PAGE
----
To support communities as they progress towards the goal, the federal partners have identified ten strategies that increase leadership, collaboration, and coordination among programs serving veterans experiencing homelessness, and promote rapid access to permanent housing for all veterans. These strategies include getting your Mayor to sign up for the Mayor’s Challenge (if they have not already done so), identifying each veteran by name, conducting coordinated outreach and engagement efforts, and increasing connections to employment. In addition, you should also ask landlords to rent to veterans receiving assistance through HUD-VASH, SSVF, or CoC-funded programs. Joining Forces, a nationwide initiative founded by First Lady Michelle Obama and Dr. Jill Biden to rally Americans around service members and veterans, has published a fact sheet on partnering with private landlords to end veteran homelessness.

Another practice that‎ has been critical to the success of community efforts to end homelessness is the creation and use of by-name lists of veterans, which enable communities to coordinate and track their housing placement efforts. This requires sharing and cross-referencing information between VA and CoC datasets. To support these efforts, HUD and the VA created  Best Practices: Sharing Information to End Veteran Homelessness, which seeks to provide guidance for local homeless veteran service providers to improve information sharing across programs and systems, strengthen the targeting of resources based on a shared prioritization system, and create more efficient systems for ending veteran homelessness within their communities.

There's no question the goal is in reach, and we are laser-focused on it. The goal of ending veteran homelessness in America is not just about hitting a number, but about communities putting a system in place that can house every veteran experiencing homelessness today and ensure homelessness among veterans is rare, brief, and non-recurring in the future. What we learn from ending homelessness for veterans will prepare us to end homelessness for all other populations in the coming years. We have a big job in front of us but I am confident that we can get there.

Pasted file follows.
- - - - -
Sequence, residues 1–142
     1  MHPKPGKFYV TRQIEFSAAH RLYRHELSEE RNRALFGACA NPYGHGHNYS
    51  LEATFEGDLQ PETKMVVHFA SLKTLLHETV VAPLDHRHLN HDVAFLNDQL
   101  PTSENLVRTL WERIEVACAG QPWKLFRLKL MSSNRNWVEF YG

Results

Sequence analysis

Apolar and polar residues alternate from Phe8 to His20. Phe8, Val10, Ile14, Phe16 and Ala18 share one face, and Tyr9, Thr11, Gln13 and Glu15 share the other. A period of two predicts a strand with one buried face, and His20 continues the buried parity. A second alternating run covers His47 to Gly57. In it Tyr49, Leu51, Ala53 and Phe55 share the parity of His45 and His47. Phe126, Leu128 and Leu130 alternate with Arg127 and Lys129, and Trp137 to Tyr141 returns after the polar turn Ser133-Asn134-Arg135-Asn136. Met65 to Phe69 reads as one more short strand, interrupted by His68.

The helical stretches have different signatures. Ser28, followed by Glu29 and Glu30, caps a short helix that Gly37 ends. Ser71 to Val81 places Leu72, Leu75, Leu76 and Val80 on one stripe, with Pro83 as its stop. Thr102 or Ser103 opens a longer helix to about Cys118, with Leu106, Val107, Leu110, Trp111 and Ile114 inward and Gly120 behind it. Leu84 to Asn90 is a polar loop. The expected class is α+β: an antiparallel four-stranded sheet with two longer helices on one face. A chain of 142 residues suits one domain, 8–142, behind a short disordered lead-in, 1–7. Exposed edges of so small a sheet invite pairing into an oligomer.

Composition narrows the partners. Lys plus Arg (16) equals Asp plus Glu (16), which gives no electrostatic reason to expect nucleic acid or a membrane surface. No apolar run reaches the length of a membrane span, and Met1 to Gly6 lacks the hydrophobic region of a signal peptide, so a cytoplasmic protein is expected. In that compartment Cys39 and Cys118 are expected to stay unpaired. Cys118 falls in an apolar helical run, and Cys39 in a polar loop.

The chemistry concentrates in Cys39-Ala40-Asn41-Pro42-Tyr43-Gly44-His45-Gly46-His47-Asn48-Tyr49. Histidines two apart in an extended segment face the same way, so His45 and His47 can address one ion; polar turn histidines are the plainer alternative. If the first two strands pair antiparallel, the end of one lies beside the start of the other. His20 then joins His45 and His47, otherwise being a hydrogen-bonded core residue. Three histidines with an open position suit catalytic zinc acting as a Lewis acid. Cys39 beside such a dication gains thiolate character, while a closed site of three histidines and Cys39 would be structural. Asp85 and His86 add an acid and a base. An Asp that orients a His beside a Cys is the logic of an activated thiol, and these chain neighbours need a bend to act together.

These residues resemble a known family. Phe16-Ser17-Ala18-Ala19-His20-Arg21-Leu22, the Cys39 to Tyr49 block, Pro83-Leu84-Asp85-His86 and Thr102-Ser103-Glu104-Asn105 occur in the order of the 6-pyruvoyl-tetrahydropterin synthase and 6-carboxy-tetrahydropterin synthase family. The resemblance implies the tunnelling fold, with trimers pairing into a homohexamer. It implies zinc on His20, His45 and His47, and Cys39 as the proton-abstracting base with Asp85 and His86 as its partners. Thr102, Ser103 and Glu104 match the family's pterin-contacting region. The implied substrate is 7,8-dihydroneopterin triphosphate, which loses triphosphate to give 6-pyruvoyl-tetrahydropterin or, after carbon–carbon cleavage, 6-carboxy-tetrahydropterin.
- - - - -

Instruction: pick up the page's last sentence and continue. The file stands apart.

Ann Marie Oliva
Deputy Assistant Secretary for Special Needs

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NHSDC Save the Date and Call for Session Proposals!

NHSDC Save the Date and Call for Session Proposals!
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Save the Date and Call for Session Proposals!

The National Human Services Data Consortium (NHSDC) will be holding its Fall Conference on October 22-23, 2015, in Miami, FL. That's right, the NHSDC is taking your talents to (or pretty close to) South Beach!

Hotel Information
Hilton Miami Downtown
1601 Biscayne Blvd Miami, Florida 33132
The hotel rate is $169/night (not including tax and fees)
You can book your room using our group rate here: Online Hotel Reservations.

Call for Session Proposals
The NHSDC provides information, assistance, peer education, and lifelong learning to its membership and other interested parties in the articulation, planning, implementation, and continuous operation of technology initiatives to collect, aggregate, analyze, and present information regarding the provision of human services.
The theme for our Fall Conference is: "Connecting the Dots: Leveraging Information Technology to Improve Service Delivery" 
  • Learn how other communities are using technology and data analysis to improve service delivery
  • Network and share ideas with other human services providers who understand what you do
  • Return to your community with the tools to implement needed change
Our conferences highlight the good work that you and your community are doing to leverage data in the fight to end homelessness. All communities employ different strategies and creative means to tackle the social services issues.

Please read the Call for Proposals and submit your proposal for a conference session to the Online Proposal Link.

Pre-Conference Institute & CoC Tour
As we have done in the past, we will provide a Pre-Conference Institute in Miami. Make sure to look out for registration announcements for this special conference addition. Please note this is typically held the day before the regularly scheduled conference. There is a separate fee associated with attending the institute. We will also provide a tour to highlight innovative programs and services in the Miami area.
We look forward to seeing you in October!

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Our mailing address is:
National Human Services Data Consortium
1111 - 9th Street
Ste 245
Des Moines, IA 50314

Alliance Online News: Disabled People Living on SSI Cannot Afford Housing Anywhere in U.S.

Alliance Online News
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Report:  Disabled People Living on SSI Cannot Afford Housing Anywhere in U.S.